I'm going to write the code for an eating disorder on your insurance form, my therapist told me one day as she looked at me very seriously, as if she were about to cry.
I thought I was going to throw up. That couldn't possibly be the code she'd selected based on her assessment. I wasn't underweight. I didn't have an eating disorder. Sure, maybe I was a little too intense with exercise and restricted my food too much. But that seemed dramatic, for sure.
No one will see it, right? I asked her flippantly, unwilling to match her sobriety. I felt exposed. I needed to take control here.
It will just be used to process your insurance claim, she told me. But it's important for you to understand that, based on what you've told me, this is the accurate code.
It's fine if you want to code it that way, I told her. I'm not sure I agree with you, but if it's the only code you can find, it's OK with me.
She nodded seriously, gently.
This is a stalemate, I thought as I held eye contact.
I left her office with my insurance form and looked at it over and over again. I'd gone to therapy to get over my ex-boyfriend and now, here I was, being told my relationship with food and exercise was unhealthy and obsessive.
I never should have told her I'd lost my period, I thought as I signed up for a FlyWheel class.
I spent hours on her couch.
She was right. My relationship with food and exercise was no longer healthy. It had escalated and the degree to which I was restricting my food had gone too far. My body was breaking down. I had amenorrhea, the stomaches from my IBS had gotten out of control, my hair was brittle, I had insomnia and was calcium deficient. Exercise had taken over my life - all of my free time was spent either planning workouts or doing them. My diet consisted of about six foods because everything else had become, in my mind, "bad."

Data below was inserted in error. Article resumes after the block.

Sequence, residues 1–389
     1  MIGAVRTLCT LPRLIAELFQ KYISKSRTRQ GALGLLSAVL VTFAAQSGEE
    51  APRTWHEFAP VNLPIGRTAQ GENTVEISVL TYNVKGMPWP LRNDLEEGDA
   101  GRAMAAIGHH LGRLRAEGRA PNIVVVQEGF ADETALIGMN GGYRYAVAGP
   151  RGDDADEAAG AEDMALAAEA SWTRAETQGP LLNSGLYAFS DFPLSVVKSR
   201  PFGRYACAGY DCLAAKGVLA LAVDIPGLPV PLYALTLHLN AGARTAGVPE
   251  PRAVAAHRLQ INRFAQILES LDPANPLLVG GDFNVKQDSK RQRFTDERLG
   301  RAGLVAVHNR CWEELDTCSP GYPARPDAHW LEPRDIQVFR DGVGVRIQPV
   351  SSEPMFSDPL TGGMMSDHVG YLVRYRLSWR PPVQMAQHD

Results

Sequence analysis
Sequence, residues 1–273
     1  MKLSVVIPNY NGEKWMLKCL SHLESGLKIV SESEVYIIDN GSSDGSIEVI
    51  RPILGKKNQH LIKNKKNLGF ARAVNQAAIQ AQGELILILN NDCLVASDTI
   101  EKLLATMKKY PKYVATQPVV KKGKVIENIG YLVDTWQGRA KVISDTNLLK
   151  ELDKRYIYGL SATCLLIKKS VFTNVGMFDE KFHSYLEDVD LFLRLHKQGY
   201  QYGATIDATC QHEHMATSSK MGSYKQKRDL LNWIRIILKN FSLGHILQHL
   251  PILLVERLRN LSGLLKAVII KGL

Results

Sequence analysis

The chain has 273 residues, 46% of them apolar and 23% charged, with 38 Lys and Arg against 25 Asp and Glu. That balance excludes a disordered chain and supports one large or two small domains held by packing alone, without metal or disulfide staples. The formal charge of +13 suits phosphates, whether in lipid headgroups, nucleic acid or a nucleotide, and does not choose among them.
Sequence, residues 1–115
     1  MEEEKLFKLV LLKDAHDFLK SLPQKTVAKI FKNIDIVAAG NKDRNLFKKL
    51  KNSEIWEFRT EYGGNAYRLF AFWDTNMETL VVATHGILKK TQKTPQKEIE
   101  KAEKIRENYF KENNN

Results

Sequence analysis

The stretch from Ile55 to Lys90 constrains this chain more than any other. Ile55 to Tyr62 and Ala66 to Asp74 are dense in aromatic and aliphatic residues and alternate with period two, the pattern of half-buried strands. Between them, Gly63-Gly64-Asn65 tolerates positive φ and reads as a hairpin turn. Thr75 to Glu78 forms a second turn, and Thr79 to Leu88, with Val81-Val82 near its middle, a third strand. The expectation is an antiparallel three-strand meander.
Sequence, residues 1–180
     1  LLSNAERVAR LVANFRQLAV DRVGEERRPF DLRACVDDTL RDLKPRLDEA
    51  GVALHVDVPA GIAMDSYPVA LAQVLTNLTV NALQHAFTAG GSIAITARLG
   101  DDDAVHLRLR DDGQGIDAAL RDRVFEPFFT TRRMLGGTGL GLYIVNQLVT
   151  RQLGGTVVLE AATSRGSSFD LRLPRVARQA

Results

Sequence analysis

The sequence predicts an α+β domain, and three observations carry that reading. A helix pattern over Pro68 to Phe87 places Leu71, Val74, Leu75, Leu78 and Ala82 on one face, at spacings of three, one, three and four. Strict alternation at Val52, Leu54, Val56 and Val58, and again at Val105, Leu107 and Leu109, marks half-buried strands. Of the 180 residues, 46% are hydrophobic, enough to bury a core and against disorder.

But I wasn't underweight. So I thought everything was fine.
I am not a doctor (or anything in the medical field) and I understand, clinically, that there are differences between food restriction, disordered eating and an eating disorder. But, sometimes women who aren't underweight can have very unhealthy relationships with food and exercise and are overlooked because they don't check certain boxes when it comes to a clinical eating disorder.
What my experience taught me is that you don't have to be clinically diagnosed with anorexia or bulimia, to have a disordered relationship with food and exercise.
If you're wondering if your relationship with food and exercise is healthy, perhaps you could consider these questions:
- Do you schedule each day to revolve around your workouts?
- Is it your top priority to exercise daily, even if you're super busy, on vacation, sick, traveling, slammed at work, exhausted, etc...
- Do you go to an early morning workout, even if you couldn't sleep the night before?
- Are you doing two workouts or more each day?
- Do you workout before you meet a friend for a walk or run, just in case she doesn't want to go as hard as you?
- Do you have entire food categories that are off limits because you think they're bad? (Think: bread, dairy, sugar, alcohol, desserts...)
- Have you convinced yourself you "don't like cheese" or "aren't really a sweets person" because you don't want to eat those things? Some people don't like cheese, I get that. But if you did a few years ago, cut it out, lost weight and now don't like it - do you actually like it?
- Are you obsessed with spicy foods because they boost your metabolism and make you drink more water at meals?